Why Muslim Women are Reinterpreting the Qur’an and Hadith: A Transformative Scholarship-Activism
On April 14, 2016, Dr. Nimat Hafez Barazangi returned to the Gottesman Libraries to discuss her most recent book, Why Muslim Women are Reinterpreting the Qur’an and Hadith: A Transformative Scholarship-Activism. A Cornell research fellow and Teachers College alum, Dr. Barazangi understands the value of education, especially to marginalized populations. In her talk, she explained that women are often barred from higher Muslim education, which is deeper readings of the Qur’an. Without being able to engage with the texts and concepts of Islam at such a profound and community-based level, Muslim women are left at an extreme disadvantage.
One reason why it is important to include women in higher Muslim learning is that terms like Islam and Shar’ia are misunderstood at a global level. Dr. Barazangi detailed the differences between what people think Shar’ia is and what it actually is, as well as the ways in which people confuse the word of the Qur’an and the hadith. While Qur’an is considered to be law, the hadith are sayings or reports of the Prophet Muhammad. Many of these sayings have existed since the seventh century and have been misinterpreted in ways which disenfranchize Muslim women. Some interpretations of the hadith cause women to be kept secluded for the purposes of modesty, and men are given authority in Muslim learning by default. Dr. Barazangi added that these sayings, no matter how far from their original intention or how damaging they are to women, are frequently confused with the word of the Qur’an. These faulty translations, in conjunction with rising violence in radical religious movements and worldwide confusion regarding the terminology surrounding Islam on the whole, put Muslim women even farther behind their male peers.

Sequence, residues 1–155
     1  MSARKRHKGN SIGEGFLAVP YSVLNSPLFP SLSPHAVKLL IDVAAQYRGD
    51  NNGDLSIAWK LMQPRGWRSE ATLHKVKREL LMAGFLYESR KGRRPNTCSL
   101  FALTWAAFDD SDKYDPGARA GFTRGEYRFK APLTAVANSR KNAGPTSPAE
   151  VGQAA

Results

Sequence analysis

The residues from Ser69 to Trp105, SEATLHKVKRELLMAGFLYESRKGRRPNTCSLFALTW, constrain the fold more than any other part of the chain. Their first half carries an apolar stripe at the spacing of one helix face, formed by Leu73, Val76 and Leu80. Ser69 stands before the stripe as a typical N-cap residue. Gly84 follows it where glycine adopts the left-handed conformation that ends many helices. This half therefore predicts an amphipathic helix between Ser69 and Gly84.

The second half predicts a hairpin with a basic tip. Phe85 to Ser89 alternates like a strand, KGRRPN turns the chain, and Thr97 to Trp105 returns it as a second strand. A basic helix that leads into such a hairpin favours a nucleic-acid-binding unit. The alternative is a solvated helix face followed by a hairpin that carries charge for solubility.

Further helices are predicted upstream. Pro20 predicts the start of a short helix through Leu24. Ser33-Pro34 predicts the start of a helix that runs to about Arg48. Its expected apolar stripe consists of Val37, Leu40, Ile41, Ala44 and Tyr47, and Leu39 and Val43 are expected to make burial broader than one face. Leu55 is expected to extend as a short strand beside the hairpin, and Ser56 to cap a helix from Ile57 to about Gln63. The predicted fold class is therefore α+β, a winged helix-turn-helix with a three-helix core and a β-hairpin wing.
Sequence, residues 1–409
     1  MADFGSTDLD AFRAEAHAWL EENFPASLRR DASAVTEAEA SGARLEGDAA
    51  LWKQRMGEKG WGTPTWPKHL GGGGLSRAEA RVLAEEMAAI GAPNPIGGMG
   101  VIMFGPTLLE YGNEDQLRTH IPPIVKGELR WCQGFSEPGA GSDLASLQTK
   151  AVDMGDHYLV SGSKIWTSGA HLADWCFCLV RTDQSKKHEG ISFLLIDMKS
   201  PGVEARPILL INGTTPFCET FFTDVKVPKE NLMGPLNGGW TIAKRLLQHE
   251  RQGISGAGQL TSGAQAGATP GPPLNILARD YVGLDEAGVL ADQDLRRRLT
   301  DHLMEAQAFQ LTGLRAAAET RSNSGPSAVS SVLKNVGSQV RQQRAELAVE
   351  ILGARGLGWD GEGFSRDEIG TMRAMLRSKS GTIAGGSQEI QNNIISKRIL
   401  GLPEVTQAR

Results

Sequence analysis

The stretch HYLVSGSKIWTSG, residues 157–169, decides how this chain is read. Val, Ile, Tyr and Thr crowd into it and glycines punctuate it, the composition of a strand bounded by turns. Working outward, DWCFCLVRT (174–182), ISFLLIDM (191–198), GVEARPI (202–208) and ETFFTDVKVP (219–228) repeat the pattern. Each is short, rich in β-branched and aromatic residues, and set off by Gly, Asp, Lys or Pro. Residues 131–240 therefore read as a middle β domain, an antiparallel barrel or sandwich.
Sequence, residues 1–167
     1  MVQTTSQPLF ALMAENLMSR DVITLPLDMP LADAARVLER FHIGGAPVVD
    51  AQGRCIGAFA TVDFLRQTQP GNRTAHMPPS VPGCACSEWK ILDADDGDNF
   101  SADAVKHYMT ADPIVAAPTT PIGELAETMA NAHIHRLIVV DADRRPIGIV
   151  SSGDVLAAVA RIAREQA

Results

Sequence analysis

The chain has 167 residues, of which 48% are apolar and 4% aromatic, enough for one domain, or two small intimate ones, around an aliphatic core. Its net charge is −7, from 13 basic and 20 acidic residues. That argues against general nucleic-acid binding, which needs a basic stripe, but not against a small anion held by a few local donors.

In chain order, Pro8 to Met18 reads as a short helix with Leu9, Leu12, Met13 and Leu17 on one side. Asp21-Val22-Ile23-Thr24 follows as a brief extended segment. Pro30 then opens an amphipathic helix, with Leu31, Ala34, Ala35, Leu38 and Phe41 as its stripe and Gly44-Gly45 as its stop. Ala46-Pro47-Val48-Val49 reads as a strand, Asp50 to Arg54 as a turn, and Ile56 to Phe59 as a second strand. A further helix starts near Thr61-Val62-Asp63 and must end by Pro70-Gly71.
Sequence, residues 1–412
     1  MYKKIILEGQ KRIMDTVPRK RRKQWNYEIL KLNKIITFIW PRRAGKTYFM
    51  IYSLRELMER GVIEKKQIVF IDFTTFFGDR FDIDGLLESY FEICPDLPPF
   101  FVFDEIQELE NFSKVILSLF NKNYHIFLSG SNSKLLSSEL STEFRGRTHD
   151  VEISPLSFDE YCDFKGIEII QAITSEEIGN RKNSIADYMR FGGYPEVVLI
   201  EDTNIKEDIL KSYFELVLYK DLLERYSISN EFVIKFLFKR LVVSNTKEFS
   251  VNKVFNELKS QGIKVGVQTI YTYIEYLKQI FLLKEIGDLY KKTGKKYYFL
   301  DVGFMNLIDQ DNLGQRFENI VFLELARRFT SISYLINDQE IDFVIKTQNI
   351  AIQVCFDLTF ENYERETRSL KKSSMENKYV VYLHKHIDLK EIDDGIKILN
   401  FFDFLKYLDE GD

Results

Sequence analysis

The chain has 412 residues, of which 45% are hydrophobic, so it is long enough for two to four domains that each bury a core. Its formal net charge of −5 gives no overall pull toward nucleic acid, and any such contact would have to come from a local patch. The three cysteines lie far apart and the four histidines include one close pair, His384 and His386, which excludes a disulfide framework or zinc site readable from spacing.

Educating people with regard to including people across gender barriers in discussions of Islam is still considered a highly radical idea, so much so that Dr. Barazangi had to publish her work independently on the Internet to avoid publishers’ regulations and disclaimers. She acknowledged that her work was sad and frightening, but encouraged attendees to not be discouraged by this. Throughout her presentation, she emphasized that the path towards equality for Muslim women is difficult, long, and uncertain, but it is a path worth taking if we are to live in a better world. Attendees and presenters alike stayed long after the formal discussion was over and asked many insightful questions about how to move this noble cause forward. At its core, this book talk was a hopeful, knowledgeable, and powerful call to action as well as a wish for peace.
If you are interested in learning more, you can watch this book talk on Vialogues and continue the discussion virtually, or read Women’s Identity and Rethinking the Hadith, which is available in the main stacks on the fifth floor.